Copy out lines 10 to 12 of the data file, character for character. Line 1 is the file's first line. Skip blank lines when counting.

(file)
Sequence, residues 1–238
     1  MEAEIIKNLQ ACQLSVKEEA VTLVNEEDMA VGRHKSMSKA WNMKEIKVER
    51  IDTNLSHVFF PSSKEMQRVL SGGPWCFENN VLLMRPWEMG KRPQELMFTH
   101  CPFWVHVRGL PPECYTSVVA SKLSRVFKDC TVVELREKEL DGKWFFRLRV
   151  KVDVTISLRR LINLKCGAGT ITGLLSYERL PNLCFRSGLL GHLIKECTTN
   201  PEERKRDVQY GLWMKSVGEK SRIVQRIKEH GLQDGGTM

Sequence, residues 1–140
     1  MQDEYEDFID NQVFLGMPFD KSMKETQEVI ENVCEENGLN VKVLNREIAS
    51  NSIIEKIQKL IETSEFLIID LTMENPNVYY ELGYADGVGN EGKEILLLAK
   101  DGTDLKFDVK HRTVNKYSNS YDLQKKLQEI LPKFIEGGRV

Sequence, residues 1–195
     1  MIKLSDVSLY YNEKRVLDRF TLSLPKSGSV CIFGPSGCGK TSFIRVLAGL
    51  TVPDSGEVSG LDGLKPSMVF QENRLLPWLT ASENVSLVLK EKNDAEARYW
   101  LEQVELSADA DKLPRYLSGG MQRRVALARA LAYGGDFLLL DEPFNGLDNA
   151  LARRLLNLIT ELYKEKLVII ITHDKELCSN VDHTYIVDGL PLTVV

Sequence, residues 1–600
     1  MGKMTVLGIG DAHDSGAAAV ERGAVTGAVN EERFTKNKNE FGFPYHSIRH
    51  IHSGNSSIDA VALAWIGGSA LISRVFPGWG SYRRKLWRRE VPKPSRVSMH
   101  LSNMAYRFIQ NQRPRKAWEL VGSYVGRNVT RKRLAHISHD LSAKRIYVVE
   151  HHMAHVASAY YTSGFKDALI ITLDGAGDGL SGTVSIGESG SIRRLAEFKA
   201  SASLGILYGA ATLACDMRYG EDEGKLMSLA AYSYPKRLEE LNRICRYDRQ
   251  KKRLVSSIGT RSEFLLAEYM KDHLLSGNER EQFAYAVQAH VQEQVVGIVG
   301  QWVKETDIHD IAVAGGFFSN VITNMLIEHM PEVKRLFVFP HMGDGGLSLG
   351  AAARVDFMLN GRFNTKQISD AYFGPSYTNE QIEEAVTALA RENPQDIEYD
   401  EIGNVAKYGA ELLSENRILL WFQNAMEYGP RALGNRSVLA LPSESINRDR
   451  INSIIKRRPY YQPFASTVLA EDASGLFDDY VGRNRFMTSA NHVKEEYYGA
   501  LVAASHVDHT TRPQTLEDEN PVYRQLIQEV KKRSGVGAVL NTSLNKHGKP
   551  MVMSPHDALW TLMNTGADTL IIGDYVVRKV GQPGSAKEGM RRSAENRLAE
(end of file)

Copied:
   101  DGTDLKFDVK HRTVNKYSNS YDLQKKLQEI LPKFIEGGRV

Sequence, residues 1–195
     1  MIKLSDVSLY YNEKRVLDRF TLSLPKSGSV CIFGPSGCGK TSFIRVLAGL